- (b) After stopping the Pill there may be cycle irregularities due to the effects of the residual synthetic steroid stored in the body on the hypothalamic-pituitary-ovarian axis (HPO axis). These cycle irregularities may cause difficulty in the interpretation of the mucus symptom e.g. in anovular cycles there is no oestrogenic ‘build-up to peak’ mucus pattern. Even when ovulatory cycles occur, the cycles may be long due to delayed ovulation following a long follicular phase. Cycles may also be short due to a short luteal phase. The cycle irregularities caused by the Pill usually disappear by the sixth cycle after stopping the Pill. If the mucus symptom is unclear, a fertility monitor to predict ovulation may be helpful.
- (c) Contraceptive medication causes a depletion of the S-crypts in the cervix and causes premature aging of the cervix.
Palpation of the cervix post-pill:
Palpation of the cervix is less reliable in the post-pill situation.
Advice for women who wish to conceive after coming off the Pill:
Women are advised to defer pregnancy for three months after stopping the Pill, as it may take three months or more for all the synthetic steroid hormone to be excreted from the body. The woman who is charting her cycle after stopping hormonal contraception may note that it may take some months for her cycle pattern to return to normal as documented by Gnoth et al.3 Women who are trying to conceive and are not pregnant after three or four cycles of timed intercourse in apparently normal cycles should consult their doctor, (see paragraph above for the ‘characteristics of a normal cycle’).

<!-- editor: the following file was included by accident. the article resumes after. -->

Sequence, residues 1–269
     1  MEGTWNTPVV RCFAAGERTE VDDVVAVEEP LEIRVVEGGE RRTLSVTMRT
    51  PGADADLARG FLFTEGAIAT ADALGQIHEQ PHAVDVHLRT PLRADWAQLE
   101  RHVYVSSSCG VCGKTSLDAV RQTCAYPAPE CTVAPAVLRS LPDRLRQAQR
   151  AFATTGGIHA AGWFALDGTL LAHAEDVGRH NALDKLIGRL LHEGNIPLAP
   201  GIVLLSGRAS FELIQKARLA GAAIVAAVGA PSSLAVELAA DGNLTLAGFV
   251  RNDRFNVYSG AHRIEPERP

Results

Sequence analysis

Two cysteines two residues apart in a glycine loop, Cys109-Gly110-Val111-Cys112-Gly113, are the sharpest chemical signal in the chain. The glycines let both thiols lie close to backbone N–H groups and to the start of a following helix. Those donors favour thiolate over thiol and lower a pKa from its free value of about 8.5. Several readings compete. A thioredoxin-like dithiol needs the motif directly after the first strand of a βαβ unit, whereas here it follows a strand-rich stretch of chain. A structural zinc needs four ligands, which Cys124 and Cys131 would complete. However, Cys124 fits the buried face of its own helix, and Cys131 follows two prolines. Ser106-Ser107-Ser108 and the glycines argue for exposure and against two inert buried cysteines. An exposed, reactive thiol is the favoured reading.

What if cycle irregularities persist after stopping the Pill:
Women with amenorrhoea (absence of periods), persistent irregular cycles, recurrent short luteal phases or very long cycles should consult their doctor if these cycle irregularities have a duration of four months or more.
NOTE: In a review article in the March 2009 issue of the medical journal, ‘Fertility and Sterility’,2 Drs Barnhart and Schreiber state that ” the overall birth rates seen in previous users of oral contraception (OC) are comparable to those seen in the general population after 12 months of attempting to conceive.” Their review of the available literature indicates “that although OC users may experience a slight delay in the return to fertility compared to those who did not use contraception or those discontinuing nonhormonal contraceptive methods, fertility impairment is not sustained in the long term.” In addition the authors state “that both DMPA injections and Norplant have a more pronounced effect on the return to fertility, (i.e. a greater delay in conception), than progestin-only oral contraceptives.”
(DMPA is depot medroxyprogesterone; Norplant is levonorgestrel implant; progestin-only contraceptive is the ‘mini-pill’).
After stopping the Pill, special rules apply in the symptothermal double-check method of natural family planning, and the woman must be taught these rules by a qualified NFP teacher.
To be most effective, the woman must be taught the symptothermal double-check method of natural family planning by a qualified NFP teacher.
1. Klaus, H; ‘Natural family planning – is it scientific? is it effective/ Newman Lecture Series,1; May 21, 2000; (internet: google ‘natural family planning, Dr Hanna Klaus).
2. Barnhart, Kurt, Schreiber, Courtney; ‘Return to fertility following discontinuation of oral contraceptives'; Fertil & Steril’ vol. 91; No. 3; March 2009. This is a review of the medical literature on this topic for the years 1960 to 2007. 3.Gnoth C, 3. Gnoth C, Frank-Herrmann P, Schmoll A et al; ‘Cycle characteristics after discontinuation of oral contraceptives'; Gynecol Endocrinol; 2002; 16; 307-317